Enhancement of asynchronous transfer mode over satellite links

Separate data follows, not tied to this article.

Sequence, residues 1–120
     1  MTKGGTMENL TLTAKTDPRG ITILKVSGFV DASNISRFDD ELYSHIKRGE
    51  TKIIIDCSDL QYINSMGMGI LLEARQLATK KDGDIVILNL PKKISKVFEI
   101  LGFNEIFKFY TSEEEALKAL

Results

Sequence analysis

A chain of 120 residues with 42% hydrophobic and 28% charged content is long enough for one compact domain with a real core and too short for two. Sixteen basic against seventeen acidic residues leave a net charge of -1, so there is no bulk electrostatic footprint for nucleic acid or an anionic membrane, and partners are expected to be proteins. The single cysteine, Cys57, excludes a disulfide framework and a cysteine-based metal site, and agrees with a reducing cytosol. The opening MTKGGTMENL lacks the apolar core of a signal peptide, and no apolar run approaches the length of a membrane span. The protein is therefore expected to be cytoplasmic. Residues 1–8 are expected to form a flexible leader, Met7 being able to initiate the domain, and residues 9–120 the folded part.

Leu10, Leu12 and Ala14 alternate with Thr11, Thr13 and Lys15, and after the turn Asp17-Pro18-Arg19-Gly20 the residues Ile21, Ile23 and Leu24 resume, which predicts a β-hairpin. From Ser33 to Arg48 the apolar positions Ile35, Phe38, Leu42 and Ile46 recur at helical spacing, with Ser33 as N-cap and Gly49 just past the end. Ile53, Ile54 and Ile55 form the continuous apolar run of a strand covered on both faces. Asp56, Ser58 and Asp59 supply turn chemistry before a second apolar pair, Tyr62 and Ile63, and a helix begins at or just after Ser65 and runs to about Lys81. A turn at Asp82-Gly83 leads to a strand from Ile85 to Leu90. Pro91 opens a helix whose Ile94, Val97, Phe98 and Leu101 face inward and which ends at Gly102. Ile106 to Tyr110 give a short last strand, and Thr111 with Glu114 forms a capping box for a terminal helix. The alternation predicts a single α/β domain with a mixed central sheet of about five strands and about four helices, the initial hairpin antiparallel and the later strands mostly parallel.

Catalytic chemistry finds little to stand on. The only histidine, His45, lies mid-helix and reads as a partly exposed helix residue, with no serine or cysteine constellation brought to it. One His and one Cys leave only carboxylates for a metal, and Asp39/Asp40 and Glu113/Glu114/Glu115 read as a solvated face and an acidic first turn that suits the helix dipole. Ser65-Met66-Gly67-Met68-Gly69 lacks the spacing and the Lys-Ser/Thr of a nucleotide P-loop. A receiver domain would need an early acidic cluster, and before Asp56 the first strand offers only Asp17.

This thesis is a study on the issues involved in implementing asynchronous transfer mode (ATM) over satellite links and the ways in which ATM can be optimised to achieve better performance over such links. The main issue is the impact of errors introduced by the satellite links on the performance of ATM. Options to improve the performance of ATM over SATCOM have been identified and they are: (i) increase transmit power, (ii) FEC, (iii) adoption of an alternative ATM architecture, (iv) extensive to commercial-off-the-shelf (COTS) ATM equipments and (v) construction of ATM protocol enhancers. The fifth option which uses a combination of protocol conversions and error control techniques is preferred over the others as it allows maximum use of standard COTS ATM equipments and provides a framework for experimentation with multiple versions of ATM equipments (that are evolving rapidly). As part of the strategy of using protocol enhancement to improve the performance of ATM, two techniques have been proposed. The first technique is called cell header duplication, and it improves cell loss ratio by compressing the information in the cell headers and using the extra room in each header to carry the duplicate compressed header information of the previous cell. When a cell header is corrupted, the corrupted header information is replaced with the duplicate copy carried in the next cell, provided that too is not corrupted. This technique was compared with cell header interleaving and error tolerant addressing which are cell header protection techniques proposed by others. The second technique is called selective cell retransmission, which employs a partial retransmission (hybrid) ARO strategy to perform error recovery for only the individually errored non-realtime cells allowing it to achieve higher reliability of data transfer and more efficient utilisation of satellite bandwidth. The overhead in the proposed scheme varies according to the error conditions in the satellite channel making it an adaptive system. This is achieved by using a unique method of sending error erasure information (inserted into cells carrying negative acknowledgement messages) from the receiver to the transmitter which will use this information to pin-point the corrupted cells. The scheme is also compared with concatenated coding (using a Reed-Solomon code) and link protocols (using selective repeat (full retransmission) ARQ).